CMO Insights: Ardarth Albee, CEO and Marketing Strategist, Marketing Interactions

June 7, 2018

This week’s guest on CMO Insights is Ardath Albee, CEO of Marketing Interactions.

In this video, Ardath talks about:

  • Texting – a new trend for her company in 2018 – and how it contributes to big data
  • The importance of personas in Account Based Marketing
  • Learning the language of the business

Learn more about Ardath from her LinkedIn profile and follow Marketing Interactions on Twitter.

For more great CMO interviews like this one, please check out our other CMO Insights Videos or our YouTube channel.

Full Transcript

Jeff Pedowitz:

Hi, welcome to Revenue Marketing Television, the CMO Insights Series. I am your host, Jeff Pedowitz, President and CEO of The Pedowitz Group. Today we have with us Ardath Albee, B2B strategist, author, speaker, extraordinare, and a good friend of mine. Ardath, welcome to the show.

Ardath Albee:

Thanks, Jeff. It’s great to be here.

Jeff Pedowitz:

Thank you. And it’s great seeing you again the other week. So while we’ve been through a lot over the hour over so many years said lots of trends, lots of changes. So for 2018, what’s, what’s the big thing.

Ardath Albee:

Well for 2018, one of the big things for me is figuring out how to use texting as a marketing channel, text messaging. So it’s one of my most exciting projects that I’m working on with a client, and I’m fascinated by how mobile everything’s becoming and how to actually use messaging in a way that is engaging and relevant for people. And they’re all saying they want, would rather speak to brands through text. So mostly I’m seeing B to C applications, which is new and different for me because, you know, I focus on B2B. So looking at the B2B possibilities and the different ways to incorporate text messaging as part of the relationship, so kind of fun, a different take people are a bit scared of it. So

Jeff Pedowitz:

That, I mean, it’s, it’s interesting because texting has been around for why the good 14, 15 years now certainly on the BBC side, it’s found some earlier adoption, but also whether it, what would be some examples, how would it be to be marketer use text as a channel?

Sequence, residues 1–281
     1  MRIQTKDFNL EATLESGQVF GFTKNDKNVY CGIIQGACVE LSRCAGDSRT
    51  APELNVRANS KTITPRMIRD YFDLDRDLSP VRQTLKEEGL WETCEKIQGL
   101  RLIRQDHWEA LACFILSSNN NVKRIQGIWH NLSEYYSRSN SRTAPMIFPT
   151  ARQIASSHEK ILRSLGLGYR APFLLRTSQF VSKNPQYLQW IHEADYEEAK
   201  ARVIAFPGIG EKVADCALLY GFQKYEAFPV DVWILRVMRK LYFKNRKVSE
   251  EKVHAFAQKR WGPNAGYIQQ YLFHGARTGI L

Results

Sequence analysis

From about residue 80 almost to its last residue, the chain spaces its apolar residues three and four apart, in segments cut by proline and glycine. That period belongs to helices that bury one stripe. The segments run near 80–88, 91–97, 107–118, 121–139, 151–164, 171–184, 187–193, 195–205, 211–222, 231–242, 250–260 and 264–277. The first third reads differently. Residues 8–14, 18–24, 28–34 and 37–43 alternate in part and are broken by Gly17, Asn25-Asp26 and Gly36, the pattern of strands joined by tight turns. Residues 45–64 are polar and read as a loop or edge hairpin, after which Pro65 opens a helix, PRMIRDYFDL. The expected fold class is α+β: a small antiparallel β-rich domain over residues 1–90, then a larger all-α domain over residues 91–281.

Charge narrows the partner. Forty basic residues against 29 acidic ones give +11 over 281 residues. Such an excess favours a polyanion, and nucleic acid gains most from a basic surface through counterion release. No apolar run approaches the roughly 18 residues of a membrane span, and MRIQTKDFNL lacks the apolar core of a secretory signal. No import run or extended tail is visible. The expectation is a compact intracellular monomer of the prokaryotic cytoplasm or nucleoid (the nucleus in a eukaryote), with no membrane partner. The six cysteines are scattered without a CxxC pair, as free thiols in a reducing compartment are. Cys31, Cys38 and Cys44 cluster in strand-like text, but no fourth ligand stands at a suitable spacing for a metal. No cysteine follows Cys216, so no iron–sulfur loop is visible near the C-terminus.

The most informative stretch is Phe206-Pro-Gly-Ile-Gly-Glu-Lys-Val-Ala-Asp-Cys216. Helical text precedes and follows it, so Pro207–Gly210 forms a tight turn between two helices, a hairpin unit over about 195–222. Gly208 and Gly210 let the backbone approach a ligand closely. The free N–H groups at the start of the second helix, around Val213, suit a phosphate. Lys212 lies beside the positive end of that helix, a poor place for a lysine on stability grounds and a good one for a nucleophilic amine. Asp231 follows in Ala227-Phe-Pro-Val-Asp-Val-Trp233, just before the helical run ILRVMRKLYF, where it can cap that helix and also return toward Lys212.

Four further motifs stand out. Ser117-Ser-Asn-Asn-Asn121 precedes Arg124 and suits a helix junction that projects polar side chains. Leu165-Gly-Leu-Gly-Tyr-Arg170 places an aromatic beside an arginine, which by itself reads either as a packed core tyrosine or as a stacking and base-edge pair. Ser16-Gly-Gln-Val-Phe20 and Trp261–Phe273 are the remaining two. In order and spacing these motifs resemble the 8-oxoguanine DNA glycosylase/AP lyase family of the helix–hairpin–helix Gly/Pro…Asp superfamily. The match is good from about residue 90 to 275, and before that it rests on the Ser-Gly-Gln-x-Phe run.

Ardath Albee:

Well, all kinds of things. And I think it depends on where it’s natural in the relationship. So for, from a marketing perspective, perhaps it’s event registrations or sharing your podcast, so it’s accessible easily on the device. Somebody has at hand when they’re commuting or something like that, it could be sharing information that is mobile friendly, right? So embedding video different things like that for educational purposes could be, as you’re onboarding a customer sharing product, use usage tips could be loyalty programs or, you know, getting uptaken usage of the product could be, you know, all kinds of things with sales. It could be meeting scheduling, it could be sending followup information. There’s a lot of different applications. You kind of have to figure out how best to use it. It’s like the social media conundrum, you know, how do you best use it?

But then again, the phone is a personal device, you know, it’s really personal to a lot of people. So how do you offer them something that is so relevant that they would allow you to send it to them on their phone, you know, versus email, which everybody knows is pretty much a dumping ground most of the time. So, you know, it has to be something exclusive, special, relevant, timely, you know, those kinds of things, which is a challenge I love love, because it’s all about the right story, you know, the right relevant communication. So it’s, it’s an interesting concept. It’s interesting to watch how B to C companies are using it, everyone from universities to engage students, you know, and recruit new students and for admissions and that kind of thing, too. We have a car driving company using it to interact with their drivers because they’re in the car all the time. So they have their mobile phone, right. But not access to other things. So they use it for that.

Jeff Pedowitz:

Interesting. This is fascinating, really. So now it is fascinating with, with texting. So one of the first things that comes to mind, not its efficacy as a potential channel, but the data and the silos that could potentially create because market is already having enough channel trouble with the other channels. So what would you say to a marketing executive that would want to try this, but how do they incorporate it in with the rest of their mix?